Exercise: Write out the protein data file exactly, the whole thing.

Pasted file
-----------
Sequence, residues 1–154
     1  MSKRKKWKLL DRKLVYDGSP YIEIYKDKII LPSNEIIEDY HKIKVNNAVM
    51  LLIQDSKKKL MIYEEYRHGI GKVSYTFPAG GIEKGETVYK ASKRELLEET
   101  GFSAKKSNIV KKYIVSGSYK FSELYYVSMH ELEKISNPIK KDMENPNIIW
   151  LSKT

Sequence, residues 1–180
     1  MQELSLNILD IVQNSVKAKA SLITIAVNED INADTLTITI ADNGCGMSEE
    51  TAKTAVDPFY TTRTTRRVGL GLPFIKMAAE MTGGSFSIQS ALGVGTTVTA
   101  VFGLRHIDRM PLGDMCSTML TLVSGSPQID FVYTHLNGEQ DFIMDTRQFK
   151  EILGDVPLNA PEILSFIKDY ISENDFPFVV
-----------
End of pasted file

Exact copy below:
Sequence, residues 1–154
     1  MSKRKKWKLL DRKLVYDGSP YIEIYKDKII LPSNEIIEDY HKIKVNNAVM
    51  LLIQDSKKKL MIYEEYRHGI GKVSYTFPAG GIEKGETVYK ASKRELLEET
   101  GFSAKKSNIV KKYIVSGSYK FSELYYVSMH ELEKISNPIK KDMENPNIIW
   151  LSKT

Sequence, residues 1–180
     1  MQELSLNILD IVQNSVKAKA SLITIAVNED INADTLTITI ADNGCGMSEE
    51  TAKTAVDPFY TTRTTRRVGL GLPFIKMAAE MTGGSFSIQS ALGVGTTVTA
   101  VFGLRHIDRM PLGDMCSTML TLVSGSPQID FVYTHLNGEQ DFIMDTRQFK
   151  EILGDVPLNA PEILSFIKDY ISENDFPFVV